|Image Source: Fusion Article|
Why is Hollywood ignoring this incredible black science fiction writer?
Topics: #BlackLivesMatter, Biology, Diaspora, Diversity, Diversity in Science, Science Fiction, Women in Science
You probably haven't heard of Octavia Estelle Butler unless you've read her work, or follow online forums like Black Science Fiction Society (as I do). It might not be important to you if you're not a part of the culture. What will likely be somewhat related and familiar is Justin Timberlake's first #inspired to Jesse Williams' speech at the BET Awards and his rejoinder to black twitter (when they accused him of appropriating the culture, but not the struggles for profit). It's unfortunate, but not equivalent to the dismissive #alllivesmatter (just clumsy). Daily there are those who strive mightily to make the Diaspora infantile based on its concerns, political choices, perspectives...and tastes in science fiction. The deaths... no: the executions of Alton Sterling in Baton Rouge, Louisiana and Philando Castile in Falcon Heights, Minnesota proved again "we're all one bullet from being a hashtag." The Dallas shooting, opposite the peaceful protest of these assassinations was an action-reaction to congressional inaction to previous mass shootings; action-reaction to a Justice System blind and mute to black bodies abused by overzealous officers. This "
post-racial society" isn't.
In my readings on the subject of "Afrofuturism," I've come across the notion many times that the transatlantic slave trade was essentially the first "alien abduction," replete with advanced technology; different dialects; aloof foreign-looking men appropriating black bodies on mother ships - the 1st christened hauntingly as the "Good Ship Jesus."
In a post February 3, 2015 I titled "The Grand Dame," I said this:
I came to Octavia Butler in "Mind of My Mind" midway in the Patternist series; followed by "Parable of the Sower" and "Parable of the Talents." It was a respite from often, science fiction clearly written without other cultures in mind. Literary whitewashing tends to translate in realities where diversity cannot be tolerated. She sadly left us in 2006 due to poor health. It is a wonder some of her books haven't made it into the theaters, especially the Parable series. I can only hope they will be one day.
I purchased her novel "Dawn" at the news on Facebook (via io9) it was optioned to be made into a television series. As with most of her works I've read, it is exciting and disturbing at the same time. The aliens seem to have three genders: male and female Oankali and Ooloi - a third sex. When it was written, it was groundbreaking but not without precedent: some Native American tribes recognized FIVE genders before the European invasion and the imposition of authoritarian rule. In today's expansion of LGBT rights, it could be a hit in the current zeitgeist post the Supreme Court ruling last year. The Oankali and Ooloi, if depicted as my mind's eye does during the rapt reading on my Kindle, have to be digested in bites; sexuality between not just humans, but whole other alien SPECIES (through the Ooloi) is a bit much. I envisioned Amazon Prime, Hulu or Netflix would at least take it up, since traditional network television tends to go for the what I call the "dominant default": the space hero must be a clone of Buck Rogers and John Wayne; any minorities other than Lieutenant Uhura being conveniently placed in the infamous "red shirts" with short series and/or screen time.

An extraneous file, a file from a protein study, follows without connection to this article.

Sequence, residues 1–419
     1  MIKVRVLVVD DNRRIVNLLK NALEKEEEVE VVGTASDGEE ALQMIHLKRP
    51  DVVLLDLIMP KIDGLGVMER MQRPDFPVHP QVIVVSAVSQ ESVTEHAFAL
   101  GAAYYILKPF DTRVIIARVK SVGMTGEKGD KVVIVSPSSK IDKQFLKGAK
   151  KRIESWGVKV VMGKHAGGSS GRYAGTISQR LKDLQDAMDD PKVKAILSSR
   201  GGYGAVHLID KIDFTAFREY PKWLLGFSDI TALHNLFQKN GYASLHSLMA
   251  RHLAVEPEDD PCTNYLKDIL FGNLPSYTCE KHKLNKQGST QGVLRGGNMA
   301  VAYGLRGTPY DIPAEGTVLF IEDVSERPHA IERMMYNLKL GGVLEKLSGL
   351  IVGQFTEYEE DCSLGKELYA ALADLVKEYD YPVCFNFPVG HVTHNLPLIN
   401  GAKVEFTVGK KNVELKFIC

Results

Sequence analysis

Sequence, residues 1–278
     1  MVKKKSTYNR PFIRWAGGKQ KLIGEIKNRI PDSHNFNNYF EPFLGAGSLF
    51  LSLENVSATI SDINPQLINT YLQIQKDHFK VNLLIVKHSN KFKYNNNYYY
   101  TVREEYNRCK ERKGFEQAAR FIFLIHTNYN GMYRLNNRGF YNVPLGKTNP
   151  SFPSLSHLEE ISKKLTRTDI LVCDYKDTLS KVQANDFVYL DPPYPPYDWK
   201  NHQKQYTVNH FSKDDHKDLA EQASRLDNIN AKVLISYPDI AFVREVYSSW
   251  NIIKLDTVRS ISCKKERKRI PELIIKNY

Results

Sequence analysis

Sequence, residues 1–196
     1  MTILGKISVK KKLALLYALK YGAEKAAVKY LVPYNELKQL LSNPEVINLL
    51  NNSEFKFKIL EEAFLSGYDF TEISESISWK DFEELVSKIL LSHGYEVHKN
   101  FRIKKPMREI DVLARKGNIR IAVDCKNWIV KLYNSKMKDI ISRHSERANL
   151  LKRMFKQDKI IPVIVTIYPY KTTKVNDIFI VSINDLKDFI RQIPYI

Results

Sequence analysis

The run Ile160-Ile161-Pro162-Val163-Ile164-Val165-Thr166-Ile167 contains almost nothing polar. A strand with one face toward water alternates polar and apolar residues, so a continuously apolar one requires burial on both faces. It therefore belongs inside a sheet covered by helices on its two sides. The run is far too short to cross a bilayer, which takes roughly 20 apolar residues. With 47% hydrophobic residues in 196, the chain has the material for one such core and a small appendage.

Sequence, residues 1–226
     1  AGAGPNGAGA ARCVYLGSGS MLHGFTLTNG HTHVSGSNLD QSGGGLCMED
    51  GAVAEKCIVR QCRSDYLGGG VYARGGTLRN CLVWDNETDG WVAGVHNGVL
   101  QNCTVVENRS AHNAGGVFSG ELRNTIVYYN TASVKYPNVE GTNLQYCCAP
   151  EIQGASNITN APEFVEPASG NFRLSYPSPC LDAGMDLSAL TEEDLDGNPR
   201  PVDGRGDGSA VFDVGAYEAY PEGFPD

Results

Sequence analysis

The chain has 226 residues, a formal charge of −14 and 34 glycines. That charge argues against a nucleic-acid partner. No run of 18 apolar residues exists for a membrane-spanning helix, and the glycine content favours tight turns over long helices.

|I literally just found this here, but it's what I see in my mind's eye some FX guru could bring to life.|
|Kinda...The artist had a different definition, but some of his comments recalled Butler's book.|
Then I read this article in Fusion:
There is no better time for Octavia Butler’s work to be adapted. Unlike most of her contemporaries, she did not deal with robots, mechanized suits of war, or quantum physics. She eschewed these to explore aliens, mutants and mutagens, space travel, and biological manipulation. Her hyperspace was the body. With body hackers and body modification techniques experiencing exponential growth, and scientists engaging in genetic tinkering with the likes of Crispr, Butler’s Xenogenesis saga would be the visual representation of the early 21st century’s zeitgeist, despite being written decades ago.
We should be seeing Butler’s work on screen. We need more science fiction film and television from a black perspective. We have seen multiple visions of utopian and dystopian futures from white men. We’ve yet to see science fiction worlds from a hyper-marginalized lens.
When you see the world as one not to be conquered or defended, but as one that is oppressive and limiting and dangerous, you will tell more than just good-versus-bad stories. You will avoid the typical tropes of science fiction. And you will give voice to, and render visible, the voiceless and the unseen. Octavia Butler does this, and so much more. The question is still out there: Why hasn’t any of Butler’s work been adapted for the screen?
We, her many fans, are still patiently waiting...one day.
Octavia Butler’s Xenogenesis Trilogy: A Biologist’s Response
by Joan Slonczewski, presented at SFRA, Cleveland, June 30, 2000